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What to expect in realty market in long run?

By WANG YEQIANG | China Daily | Updated: 2016-12-20 07:39

What to expect in realty market in long run?

A woman talks with a salesman at a property market fair in Hangzhou, Zhejiang province.[Photo/China Daily]

China will promote the stable and healthy development of the real estate market in 2017, according to the just concluded Central Economic Work Conference. The conference made it clear that "houses are built to be inhabited, not for speculation."

After last year's Central Economic Work Conference made destocking one of the government's major economic tasks, the real estate destocking campaign led by the central and local governments has had a major impact on China's property market.

On the one hand, destocking in some first- and second-tier cities led to panic buying and skyrocketing housing prices. On the other hand, third- and fourth-tier cities are under tremendous destocking pressure.

With realty control policies becoming increasingly stricter, destocking faces severe challenges in the year ahead. Real estate inventory nationwide declined sharply during the bullish property market last year. In October, nationwide "property areas" of housing units for sale increased only 1.3 percent year-on-year, while national residential housing areas for sale fell 6 percent year-on-year. This means property destocking, in general, has been effective in 2016.

But a huge number of housing units ready for occupation awaits buyers. From February to October, the total area of housing units for sale nationwide dropped from 739 million square meters to 695 million sq m. Given the standard per capita living space area of 35 sq m, the overall area of housing units for sale could provide accommodation for 200 million people. Since the newly added population of permanent urban residents in 2015 was only 22 million, it will take about a decade, other factors remaining constant, for the vacant housing units to be filled up if we depend only on new permanent urban residents to achieve the goal of property destocking.

But if we take the under-construction housing units and housing units with limited property rights into consideration, property destocking faces a greater challenge.

More than 70 percent of the housing units for sale are in third- and fourth-tier cities, but the effects of destocking were evident mainly in the first- and second-tier cities.

According to the sales data of 40 large and medium-sized cities, housing sales in first-, second- and third-tier cities in October grew 37.59 percent, 53.43 percent and 26.72 percent year-on-year. Apparently, housing sales in the third-tier cities are way behind those in first- and second-tier cities.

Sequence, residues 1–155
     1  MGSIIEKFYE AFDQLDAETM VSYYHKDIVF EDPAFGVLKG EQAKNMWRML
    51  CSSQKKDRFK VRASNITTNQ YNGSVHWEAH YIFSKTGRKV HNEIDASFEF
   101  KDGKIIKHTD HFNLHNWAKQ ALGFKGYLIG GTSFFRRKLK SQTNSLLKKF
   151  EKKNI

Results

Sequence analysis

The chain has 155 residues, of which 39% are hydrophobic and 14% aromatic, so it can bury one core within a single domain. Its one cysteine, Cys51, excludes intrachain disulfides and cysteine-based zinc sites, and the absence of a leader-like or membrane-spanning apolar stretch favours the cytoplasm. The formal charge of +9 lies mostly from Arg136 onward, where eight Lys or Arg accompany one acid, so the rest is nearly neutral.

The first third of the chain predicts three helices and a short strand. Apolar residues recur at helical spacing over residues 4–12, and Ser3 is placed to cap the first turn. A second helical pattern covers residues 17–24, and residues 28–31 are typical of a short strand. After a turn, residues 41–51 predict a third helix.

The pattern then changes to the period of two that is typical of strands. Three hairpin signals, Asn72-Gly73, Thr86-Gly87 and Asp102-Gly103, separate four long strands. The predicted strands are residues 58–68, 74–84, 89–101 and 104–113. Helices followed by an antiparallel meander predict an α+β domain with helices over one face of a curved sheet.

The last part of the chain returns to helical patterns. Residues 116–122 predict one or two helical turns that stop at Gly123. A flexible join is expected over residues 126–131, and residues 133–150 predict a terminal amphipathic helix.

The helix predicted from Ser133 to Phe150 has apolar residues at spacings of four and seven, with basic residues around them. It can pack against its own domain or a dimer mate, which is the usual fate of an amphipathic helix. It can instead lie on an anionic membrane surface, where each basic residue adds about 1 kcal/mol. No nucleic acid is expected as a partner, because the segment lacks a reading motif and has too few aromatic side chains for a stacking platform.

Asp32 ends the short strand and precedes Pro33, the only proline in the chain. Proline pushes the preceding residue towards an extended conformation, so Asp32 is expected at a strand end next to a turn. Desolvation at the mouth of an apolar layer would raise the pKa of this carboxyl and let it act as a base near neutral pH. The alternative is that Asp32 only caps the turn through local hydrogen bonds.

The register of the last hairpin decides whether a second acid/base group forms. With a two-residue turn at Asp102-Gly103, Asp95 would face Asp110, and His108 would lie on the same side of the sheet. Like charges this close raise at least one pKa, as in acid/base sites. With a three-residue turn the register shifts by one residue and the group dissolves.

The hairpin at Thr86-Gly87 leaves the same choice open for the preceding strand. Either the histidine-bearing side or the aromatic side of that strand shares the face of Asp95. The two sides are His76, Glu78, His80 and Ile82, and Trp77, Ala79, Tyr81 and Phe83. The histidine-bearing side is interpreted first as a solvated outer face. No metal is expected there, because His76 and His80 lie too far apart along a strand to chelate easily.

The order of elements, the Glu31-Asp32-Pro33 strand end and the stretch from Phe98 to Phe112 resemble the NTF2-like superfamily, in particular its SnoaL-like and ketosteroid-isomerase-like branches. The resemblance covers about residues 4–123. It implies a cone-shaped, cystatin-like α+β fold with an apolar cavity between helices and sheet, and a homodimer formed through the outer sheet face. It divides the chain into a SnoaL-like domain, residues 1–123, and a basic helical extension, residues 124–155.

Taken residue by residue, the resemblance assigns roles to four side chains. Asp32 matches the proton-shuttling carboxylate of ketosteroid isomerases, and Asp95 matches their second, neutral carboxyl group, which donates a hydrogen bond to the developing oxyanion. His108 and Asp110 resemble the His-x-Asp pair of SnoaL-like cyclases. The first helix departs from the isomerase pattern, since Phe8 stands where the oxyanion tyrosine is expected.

As real estate control policies become tighter than before, housing sales are expected to fall in 2017, which could create more pressure on destocking. This calls for further deepening of property control policies.

Twenty-two cities have successfully implemented real estate control policies, including purchase and loan restrictions, since September. These policies have managed to remarkably cool down the property market nationwide. National Bureau of Statistics data show housing prices in major first- and second-tier cities declined in October on a month-to-month basis.

But since property developers and builders invest more in land in the first- and second-tier cities despite the control policies, realty control policies should be deepened in response to the supply side structural reforms, especially by promoting reform and innovation in taxation, household registration, social security, education and healthcare, in order to cope with the difficulties third- and fourth-tier cities face in destocking.

In contrast to the effects of destocking, housing prices continued to soar in 2016, especially in the first- and second-tier cities. In October, the housing price index in China's top-100 cities increased 18.21 percent year-on-year. But these cities' land premium rate started declining only in September, which suggests housing prices nationwide could peak in 2016 before possibly declining in 2017.

The real estate market is typically regional in nature, and local governments always want to hike housing prices to get the maximum benefit out of their monopoly over land supply. As housing prices decline, property developers' desire to buy land in some cities may also decline. This in turn may prompt local governments to reduce the supply of land for long-term sustainable development, which will be conducive to creating a more healthy market environment for destocking.

The author is a researcher at the Institute for Urban and Environmental Studies, Chinese Academy of Social Sciences.

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